Stirling Point parks may be removed

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The entrance to Stirling Point, Bluff.

DOZENS of car parks may be removed near a popular tourist spot in Bluff, in a bid to improve safety.

Waka Kotahi New Zealand Transport Agency (NZTA) is proposing to add no-stopping yellow lines on one side of State Highway 1, near Stirling Point.

If the proposal goes ahead, up to 34 car parks may need to be removed on the western side on a 150-metre strip of the highway on Marine and Ward Pdes.

NZTA safety engineers team lead Roy Johnston said the idea was in response to concerns raised by the Bluff 2024 Group about the many vehicles leaving Stirling Point, then stopping without indicating near the crest of a hill on the highway.

“This creates safety issues, as there isn’t enough room for highway traffic to safely pass because of vehicles parked on both sides of the highway,” he said.

Bluff 2024 Group spokeswoman Tammi Topi said she was “so pleased” the idea had been put out for public consultation after two years of pushing for change.

The group had made countless phone calls to NZTA and the Invercargill City Council (ICC), and also met staff at the site to discuss the issue several times since 2018.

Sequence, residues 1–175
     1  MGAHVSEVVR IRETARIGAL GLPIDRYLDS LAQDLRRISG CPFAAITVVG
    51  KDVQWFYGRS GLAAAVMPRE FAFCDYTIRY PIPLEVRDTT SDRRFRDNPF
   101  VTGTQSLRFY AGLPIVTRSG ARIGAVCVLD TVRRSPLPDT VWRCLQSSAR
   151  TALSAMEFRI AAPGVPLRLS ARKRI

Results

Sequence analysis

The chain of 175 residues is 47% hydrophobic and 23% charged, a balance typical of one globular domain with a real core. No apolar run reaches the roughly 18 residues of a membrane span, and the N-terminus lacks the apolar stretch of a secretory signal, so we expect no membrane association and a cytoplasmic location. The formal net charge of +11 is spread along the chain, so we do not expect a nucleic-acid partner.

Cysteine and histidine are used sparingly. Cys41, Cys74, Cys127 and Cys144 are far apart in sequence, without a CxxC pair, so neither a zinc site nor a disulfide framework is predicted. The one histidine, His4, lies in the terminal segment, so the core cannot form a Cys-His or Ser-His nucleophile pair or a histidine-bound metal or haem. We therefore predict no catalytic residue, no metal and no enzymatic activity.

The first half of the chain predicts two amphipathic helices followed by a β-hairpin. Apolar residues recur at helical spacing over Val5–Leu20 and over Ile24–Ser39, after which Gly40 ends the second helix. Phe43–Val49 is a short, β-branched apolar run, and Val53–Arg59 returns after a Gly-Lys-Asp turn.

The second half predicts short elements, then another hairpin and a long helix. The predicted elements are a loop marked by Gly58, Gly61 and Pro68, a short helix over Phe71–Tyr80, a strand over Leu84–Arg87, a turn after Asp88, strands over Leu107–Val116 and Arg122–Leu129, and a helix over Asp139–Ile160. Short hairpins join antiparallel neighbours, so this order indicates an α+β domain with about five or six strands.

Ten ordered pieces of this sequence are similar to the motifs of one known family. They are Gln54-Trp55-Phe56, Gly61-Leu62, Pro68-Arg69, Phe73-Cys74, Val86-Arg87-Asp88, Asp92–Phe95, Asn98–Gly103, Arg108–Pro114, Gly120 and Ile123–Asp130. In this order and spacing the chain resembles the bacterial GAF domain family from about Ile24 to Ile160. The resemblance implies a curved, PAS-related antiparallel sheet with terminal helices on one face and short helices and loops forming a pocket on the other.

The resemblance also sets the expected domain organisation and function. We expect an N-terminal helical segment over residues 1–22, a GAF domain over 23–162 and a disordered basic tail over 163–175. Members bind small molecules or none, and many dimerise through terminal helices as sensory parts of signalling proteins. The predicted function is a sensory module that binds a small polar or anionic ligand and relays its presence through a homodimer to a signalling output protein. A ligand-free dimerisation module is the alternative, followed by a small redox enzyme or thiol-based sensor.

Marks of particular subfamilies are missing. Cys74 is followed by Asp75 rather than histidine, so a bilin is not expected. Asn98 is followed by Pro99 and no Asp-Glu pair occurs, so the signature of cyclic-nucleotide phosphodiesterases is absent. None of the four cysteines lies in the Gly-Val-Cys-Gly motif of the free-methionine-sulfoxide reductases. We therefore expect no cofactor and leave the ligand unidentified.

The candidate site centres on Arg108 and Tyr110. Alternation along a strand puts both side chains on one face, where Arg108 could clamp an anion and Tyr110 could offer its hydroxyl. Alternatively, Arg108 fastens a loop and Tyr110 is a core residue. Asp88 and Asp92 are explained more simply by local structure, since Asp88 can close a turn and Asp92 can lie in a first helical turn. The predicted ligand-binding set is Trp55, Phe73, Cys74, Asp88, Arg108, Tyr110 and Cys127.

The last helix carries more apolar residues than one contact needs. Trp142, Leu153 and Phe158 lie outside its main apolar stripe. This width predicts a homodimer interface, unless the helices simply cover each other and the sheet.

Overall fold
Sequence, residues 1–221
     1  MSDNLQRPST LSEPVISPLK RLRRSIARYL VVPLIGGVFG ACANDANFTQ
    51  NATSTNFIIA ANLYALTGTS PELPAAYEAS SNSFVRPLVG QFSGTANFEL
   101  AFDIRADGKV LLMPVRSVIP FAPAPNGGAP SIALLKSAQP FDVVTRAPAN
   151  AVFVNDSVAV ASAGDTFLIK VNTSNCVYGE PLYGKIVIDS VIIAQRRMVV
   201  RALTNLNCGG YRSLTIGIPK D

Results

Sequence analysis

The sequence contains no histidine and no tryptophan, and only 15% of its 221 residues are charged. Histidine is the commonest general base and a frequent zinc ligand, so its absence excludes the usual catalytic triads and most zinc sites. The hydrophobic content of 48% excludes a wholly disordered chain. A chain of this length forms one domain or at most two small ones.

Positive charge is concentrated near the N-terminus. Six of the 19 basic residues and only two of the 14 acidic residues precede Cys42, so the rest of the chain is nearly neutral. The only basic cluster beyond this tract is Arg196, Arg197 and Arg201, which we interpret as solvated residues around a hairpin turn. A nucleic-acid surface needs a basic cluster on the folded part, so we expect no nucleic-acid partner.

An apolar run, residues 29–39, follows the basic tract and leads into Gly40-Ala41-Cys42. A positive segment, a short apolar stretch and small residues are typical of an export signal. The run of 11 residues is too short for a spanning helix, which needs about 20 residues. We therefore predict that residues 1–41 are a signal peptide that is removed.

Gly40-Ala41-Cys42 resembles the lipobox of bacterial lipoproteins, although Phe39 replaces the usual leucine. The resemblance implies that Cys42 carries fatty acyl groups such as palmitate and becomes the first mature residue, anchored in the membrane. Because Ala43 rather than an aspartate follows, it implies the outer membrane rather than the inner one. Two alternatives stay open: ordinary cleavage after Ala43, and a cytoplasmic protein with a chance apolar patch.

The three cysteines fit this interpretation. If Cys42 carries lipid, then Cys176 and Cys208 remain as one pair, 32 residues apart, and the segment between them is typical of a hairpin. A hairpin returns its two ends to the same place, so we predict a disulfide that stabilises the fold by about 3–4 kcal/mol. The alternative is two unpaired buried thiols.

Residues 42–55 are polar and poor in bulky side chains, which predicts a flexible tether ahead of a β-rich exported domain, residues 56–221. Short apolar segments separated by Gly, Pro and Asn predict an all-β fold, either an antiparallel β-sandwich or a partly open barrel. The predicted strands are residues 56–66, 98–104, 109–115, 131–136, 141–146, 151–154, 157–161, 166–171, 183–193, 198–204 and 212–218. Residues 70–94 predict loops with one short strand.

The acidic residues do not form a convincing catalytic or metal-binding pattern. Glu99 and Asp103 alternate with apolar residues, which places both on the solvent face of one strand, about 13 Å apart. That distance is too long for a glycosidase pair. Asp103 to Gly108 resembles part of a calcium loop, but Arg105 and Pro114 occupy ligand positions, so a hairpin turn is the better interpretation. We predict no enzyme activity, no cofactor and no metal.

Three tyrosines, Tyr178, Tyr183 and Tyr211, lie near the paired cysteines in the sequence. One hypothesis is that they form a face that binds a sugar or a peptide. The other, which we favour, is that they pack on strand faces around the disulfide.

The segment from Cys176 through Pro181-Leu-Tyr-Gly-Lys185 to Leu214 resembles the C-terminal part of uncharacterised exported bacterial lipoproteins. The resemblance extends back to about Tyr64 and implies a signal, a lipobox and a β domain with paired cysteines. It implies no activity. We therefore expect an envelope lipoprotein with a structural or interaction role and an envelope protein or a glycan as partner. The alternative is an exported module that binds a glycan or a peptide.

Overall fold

“We were getting worried it would just get lost in the system.”

With Stirling Point growing in popularity with visitors, it was time the issue was resolved, she said.

“It reduces the road to a single lane when vehicles park there and it becomes a blind spot.”

While cars were parking along the strip, there was only a small space between the white line and the kerb, she said.

“You’re not really losing any parks because it’s not really a park [in the first place].”

Miss Topi hoped involved parties would be able to come up with a long-term solution to improve road safety without hindering visitor numbers.

Under the proposal, parking would remain on the eastern side of the highway, which would help off-set the loss of other parking, Mr Johnston said.

NZTA was seeking submissions on the proposal, which could be made in writing or emailed by December 18.

Once NZTA had considered feedback, a decision would be made in early 2021 on a bylaw change, potentially allowing the no-stopping lines to be installed.

The Bluff 2024 Group, Bluff Community Board and the ICC all supported the safety benefits of the proposal, he said.

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